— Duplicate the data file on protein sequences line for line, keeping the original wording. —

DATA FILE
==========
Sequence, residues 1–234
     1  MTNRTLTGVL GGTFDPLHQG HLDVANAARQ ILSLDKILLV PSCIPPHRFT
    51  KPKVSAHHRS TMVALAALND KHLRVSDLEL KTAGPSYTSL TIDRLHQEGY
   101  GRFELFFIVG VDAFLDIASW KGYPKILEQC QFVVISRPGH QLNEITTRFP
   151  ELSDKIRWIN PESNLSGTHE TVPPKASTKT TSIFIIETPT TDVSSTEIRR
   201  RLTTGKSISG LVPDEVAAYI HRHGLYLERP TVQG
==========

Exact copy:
Sequence, residues 1–234
     1  MTNRTLTGVL GGTFDPLHQG HLDVANAARQ ILSLDKILLV PSCIPPHRFT
    51  KPKVSAHHRS TMVALAALND KHLRVSDLEL KTAGPSYTSL TIDRLHQEGY
   101  GRFELFFIVG VDAFLDIASW KGYPKILEQC QFVVISRPGH QLNEITTRFP
   151  ELSDKIRWIN PESNLSGTHE TVPPKASTKT TSIFIIETPT TDVSSTEIRR
   201  RLTTGKSISG LVPDEVAAYI HRHGLYLERP TVQG